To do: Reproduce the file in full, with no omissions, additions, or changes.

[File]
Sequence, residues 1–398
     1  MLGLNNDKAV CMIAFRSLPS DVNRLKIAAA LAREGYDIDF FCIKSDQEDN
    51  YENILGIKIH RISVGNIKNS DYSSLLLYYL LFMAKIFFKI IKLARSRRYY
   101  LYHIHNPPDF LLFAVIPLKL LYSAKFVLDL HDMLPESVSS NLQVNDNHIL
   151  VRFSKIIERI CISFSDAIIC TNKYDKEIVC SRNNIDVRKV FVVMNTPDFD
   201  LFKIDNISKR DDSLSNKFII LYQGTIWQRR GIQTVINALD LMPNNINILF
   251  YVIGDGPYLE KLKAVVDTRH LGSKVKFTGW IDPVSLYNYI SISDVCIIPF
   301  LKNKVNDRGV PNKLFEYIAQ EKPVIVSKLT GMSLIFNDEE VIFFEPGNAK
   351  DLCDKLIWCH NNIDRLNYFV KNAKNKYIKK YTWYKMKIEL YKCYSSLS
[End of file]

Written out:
Sequence, residues 1–398
     1  MLGLNNDKAV CMIAFRSLPS DVNRLKIAAA LAREGYDIDF FCIKSDQEDN
    51  YENILGIKIH RISVGNIKNS DYSSLLLYYL LFMAKIFFKI IKLARSRRYY
   101  LYHIHNPPDF LLFAVIPLKL LYSAKFVLDL HDMLPESVSS NLQVNDNHIL
   151  VRFSKIIERI CISFSDAIIC TNKYDKEIVC SRNNIDVRKV FVVMNTPDFD
   201  LFKIDNISKR DDSLSNKFII LYQGTIWQRR GIQTVINALD LMPNNINILF
   251  YVIGDGPYLE KLKAVVDTRH LGSKVKFTGW IDPVSLYNYI SISDVCIIPF
   301  LKNKVNDRGV PNKLFEYIAQ EKPVIVSKLT GMSLIFNDEE VIFFEPGNAK
   351  DLCDKLIWCH NNIDRLNYFV KNAKNKYIKK YTWYKMKIEL YKCYSSLS